Bankruptcy: Things You Need to Know


BankruptcyWhen President George W. Bush signed the Bankruptcy Abuse Prevention and Consumer Protection Act of 2005 (BAPCPA), the laws governing the filing of bankruptcy changed drastically. One major change under BAPCPA requires all debtors filing bankruptcy to attend two credit counseling courses, one before filing and one while a case is pending.While some aspects of the U.S. Bankruptcy Code did not change at all when BAPCPA was enacted, some underwent minor tweaks while others were overhauled completely.   An example of a section of the bankruptcy laws that was amended revolves around the options available to a Chapter 7 debtor if their case includes secured debt. Financial obligations are secured if there is collateral a creditor can recover from a debtor if they don’t pay their bills on time. For example, if a debtor gets behind in their home mortgage payments, the bank or whoever lent them the money to buy the house can foreclose on it.

There are three options available to a Chapter 7 debtor whose bankruptcy includes secured debt. To reaffirm a debt is to sign a contract with the creditor indicating the debtor wants the debt to continue even after their bankruptcy is discharged. Surrendering occurs when the debtor returns the collateral to the creditor. The third alternative is redemption.When a debtor seeks to redeem secured property, it means they want to keep it. This is accomplished by submitting one lump sum payment to the creditor for the value of the collateral.While this may sound simple, there are a few limitations on a debtor’s ability to redeem secured property. First, the secured property has to be worth less than what the bankruptcy laws allow a debtor to own, and those limitations differ from state to state. Secondly, the bankruptcy court has to abandon its interest in the collateral, meaning it has no interest in taking it from the debtor to sell to repay some of the debts that debtor owed.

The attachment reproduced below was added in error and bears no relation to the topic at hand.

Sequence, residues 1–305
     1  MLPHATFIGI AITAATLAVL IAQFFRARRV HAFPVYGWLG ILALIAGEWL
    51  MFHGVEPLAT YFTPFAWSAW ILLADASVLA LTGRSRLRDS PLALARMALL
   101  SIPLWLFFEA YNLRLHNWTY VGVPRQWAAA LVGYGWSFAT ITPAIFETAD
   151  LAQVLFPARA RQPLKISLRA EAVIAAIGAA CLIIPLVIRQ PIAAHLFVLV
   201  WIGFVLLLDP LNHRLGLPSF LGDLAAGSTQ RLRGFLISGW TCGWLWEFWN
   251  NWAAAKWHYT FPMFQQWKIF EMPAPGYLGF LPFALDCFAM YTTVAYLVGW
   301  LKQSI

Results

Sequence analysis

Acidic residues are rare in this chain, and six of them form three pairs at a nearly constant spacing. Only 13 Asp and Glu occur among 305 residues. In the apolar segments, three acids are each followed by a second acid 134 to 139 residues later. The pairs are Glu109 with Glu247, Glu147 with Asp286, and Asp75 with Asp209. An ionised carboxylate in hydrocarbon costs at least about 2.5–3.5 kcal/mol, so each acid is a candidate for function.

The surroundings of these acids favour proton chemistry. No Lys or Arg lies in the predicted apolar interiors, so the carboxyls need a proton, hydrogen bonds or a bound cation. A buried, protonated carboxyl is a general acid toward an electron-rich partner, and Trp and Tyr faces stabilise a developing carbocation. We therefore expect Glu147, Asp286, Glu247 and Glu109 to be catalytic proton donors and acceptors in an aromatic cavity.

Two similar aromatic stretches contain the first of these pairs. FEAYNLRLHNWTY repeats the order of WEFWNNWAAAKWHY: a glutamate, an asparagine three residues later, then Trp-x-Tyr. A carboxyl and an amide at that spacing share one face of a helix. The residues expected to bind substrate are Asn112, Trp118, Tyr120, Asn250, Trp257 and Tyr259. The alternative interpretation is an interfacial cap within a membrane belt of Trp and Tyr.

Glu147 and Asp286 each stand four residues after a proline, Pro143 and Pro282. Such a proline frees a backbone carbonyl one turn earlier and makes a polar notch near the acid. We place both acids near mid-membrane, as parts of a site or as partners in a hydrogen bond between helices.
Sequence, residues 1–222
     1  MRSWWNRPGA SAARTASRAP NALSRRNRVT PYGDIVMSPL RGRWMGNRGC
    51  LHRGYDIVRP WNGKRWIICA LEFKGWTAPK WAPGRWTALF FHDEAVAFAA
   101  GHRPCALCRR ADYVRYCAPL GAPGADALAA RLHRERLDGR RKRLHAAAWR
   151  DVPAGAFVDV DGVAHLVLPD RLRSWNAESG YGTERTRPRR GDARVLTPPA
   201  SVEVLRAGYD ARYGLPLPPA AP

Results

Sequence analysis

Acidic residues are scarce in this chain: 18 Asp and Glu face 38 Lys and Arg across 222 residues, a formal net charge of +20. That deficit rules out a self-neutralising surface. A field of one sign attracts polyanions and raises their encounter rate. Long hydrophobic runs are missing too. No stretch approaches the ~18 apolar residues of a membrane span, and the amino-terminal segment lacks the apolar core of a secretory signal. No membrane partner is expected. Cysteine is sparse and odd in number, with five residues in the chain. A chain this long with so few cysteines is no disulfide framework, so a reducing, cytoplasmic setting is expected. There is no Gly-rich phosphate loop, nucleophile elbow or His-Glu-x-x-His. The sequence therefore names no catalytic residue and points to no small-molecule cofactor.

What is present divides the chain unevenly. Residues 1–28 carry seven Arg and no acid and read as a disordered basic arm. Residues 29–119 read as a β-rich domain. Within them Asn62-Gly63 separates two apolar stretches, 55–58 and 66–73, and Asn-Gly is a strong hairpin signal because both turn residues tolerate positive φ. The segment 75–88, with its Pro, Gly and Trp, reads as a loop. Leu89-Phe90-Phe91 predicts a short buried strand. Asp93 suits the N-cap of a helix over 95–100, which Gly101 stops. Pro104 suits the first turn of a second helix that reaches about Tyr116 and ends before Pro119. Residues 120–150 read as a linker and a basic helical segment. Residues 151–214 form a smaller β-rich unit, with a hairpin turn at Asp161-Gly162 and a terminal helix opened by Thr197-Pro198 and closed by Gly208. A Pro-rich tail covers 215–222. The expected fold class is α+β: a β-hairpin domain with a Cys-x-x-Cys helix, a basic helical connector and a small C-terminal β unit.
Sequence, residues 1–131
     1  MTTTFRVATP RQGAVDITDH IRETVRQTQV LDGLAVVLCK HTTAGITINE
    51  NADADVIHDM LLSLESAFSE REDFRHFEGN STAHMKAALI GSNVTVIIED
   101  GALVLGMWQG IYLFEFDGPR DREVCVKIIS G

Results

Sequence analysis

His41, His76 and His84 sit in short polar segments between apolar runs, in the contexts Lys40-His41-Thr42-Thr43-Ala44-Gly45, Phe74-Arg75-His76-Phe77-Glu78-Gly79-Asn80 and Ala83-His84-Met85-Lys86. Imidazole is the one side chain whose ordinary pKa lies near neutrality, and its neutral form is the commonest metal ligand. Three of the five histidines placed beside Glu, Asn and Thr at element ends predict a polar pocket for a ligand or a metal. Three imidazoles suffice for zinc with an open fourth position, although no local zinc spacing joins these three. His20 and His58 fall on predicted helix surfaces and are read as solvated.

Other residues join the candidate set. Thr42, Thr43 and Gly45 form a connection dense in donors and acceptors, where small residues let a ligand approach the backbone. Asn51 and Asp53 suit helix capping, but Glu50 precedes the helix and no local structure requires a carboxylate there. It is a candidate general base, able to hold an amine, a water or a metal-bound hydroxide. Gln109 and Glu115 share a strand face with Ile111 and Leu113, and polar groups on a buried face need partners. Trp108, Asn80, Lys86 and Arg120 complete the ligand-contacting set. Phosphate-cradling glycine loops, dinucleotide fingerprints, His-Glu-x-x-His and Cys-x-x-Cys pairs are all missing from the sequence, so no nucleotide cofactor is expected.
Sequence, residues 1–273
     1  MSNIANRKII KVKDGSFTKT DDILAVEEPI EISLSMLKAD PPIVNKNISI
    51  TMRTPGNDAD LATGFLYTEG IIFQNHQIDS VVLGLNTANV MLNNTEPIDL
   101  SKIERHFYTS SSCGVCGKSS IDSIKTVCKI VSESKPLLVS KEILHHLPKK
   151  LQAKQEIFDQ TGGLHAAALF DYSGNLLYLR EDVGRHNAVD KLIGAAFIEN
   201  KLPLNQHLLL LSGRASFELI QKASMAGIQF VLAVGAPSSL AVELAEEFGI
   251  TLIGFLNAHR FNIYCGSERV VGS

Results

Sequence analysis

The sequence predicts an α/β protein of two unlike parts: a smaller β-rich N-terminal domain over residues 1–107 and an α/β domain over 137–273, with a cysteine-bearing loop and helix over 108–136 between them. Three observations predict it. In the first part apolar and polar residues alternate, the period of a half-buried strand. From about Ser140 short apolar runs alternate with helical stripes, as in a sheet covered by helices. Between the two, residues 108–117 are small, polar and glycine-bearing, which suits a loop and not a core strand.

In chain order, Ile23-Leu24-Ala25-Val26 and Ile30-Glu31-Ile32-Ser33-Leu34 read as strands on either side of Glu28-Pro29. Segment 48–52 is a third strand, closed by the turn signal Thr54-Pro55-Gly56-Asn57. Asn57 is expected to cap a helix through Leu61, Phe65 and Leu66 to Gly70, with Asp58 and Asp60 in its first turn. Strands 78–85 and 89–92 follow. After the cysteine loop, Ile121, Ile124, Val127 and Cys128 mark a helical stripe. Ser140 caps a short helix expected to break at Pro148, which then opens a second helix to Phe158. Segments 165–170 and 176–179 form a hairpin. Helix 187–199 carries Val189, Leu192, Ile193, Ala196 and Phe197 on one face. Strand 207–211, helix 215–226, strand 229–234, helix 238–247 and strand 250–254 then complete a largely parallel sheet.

Another tricky aspect of redemption is also related to the jurisdiction where a bankruptcy case is filed. Since each state has its own rules, called exemptions, about how much a debtor is allowed to keep after filing bankruptcy, a redemption may not be possible, for a few reasons. For example, some states only allow a debtor to have $400 cash on hand when they file a Chapter 7 bankruptcy. If a debtor in that state wants to redeem collateral for $500, they have more cash than their state laws allow. While some states do also offer a ‘catch-all’ exemption so a debtor could potentially redeem the item in question, that option is not available everywhere, so it’s important to consult with an experienced bankruptcy attorney on that matter.



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